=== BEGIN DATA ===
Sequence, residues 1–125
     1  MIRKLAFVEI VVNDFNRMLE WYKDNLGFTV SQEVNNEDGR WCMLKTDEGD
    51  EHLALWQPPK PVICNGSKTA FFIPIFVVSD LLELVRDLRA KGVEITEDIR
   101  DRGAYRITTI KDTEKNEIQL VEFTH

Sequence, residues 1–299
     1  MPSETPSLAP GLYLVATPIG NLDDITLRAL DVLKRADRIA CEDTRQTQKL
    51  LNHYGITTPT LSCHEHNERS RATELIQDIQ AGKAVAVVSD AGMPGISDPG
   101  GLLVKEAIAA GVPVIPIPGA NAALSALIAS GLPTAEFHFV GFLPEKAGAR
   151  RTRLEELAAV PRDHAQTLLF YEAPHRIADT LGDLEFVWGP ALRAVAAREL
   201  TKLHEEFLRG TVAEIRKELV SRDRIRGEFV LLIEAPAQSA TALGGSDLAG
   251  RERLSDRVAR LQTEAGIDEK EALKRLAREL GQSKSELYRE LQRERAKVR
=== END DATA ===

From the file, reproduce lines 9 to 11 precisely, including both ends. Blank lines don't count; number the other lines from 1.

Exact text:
   151  RTRLEELAAV PRDHAQTLLF YEAPHRIADT LGDLEFVWGP ALRAVAAREL
   201  TKLHEEFLRG TVAEIRKELV SRDRIRGEFV LLIEAPAQSA TALGGSDLAG
   251  RERLSDRVAR LQTEAGIDEK EALKRLAREL GQSKSELYRE LQRERAKVR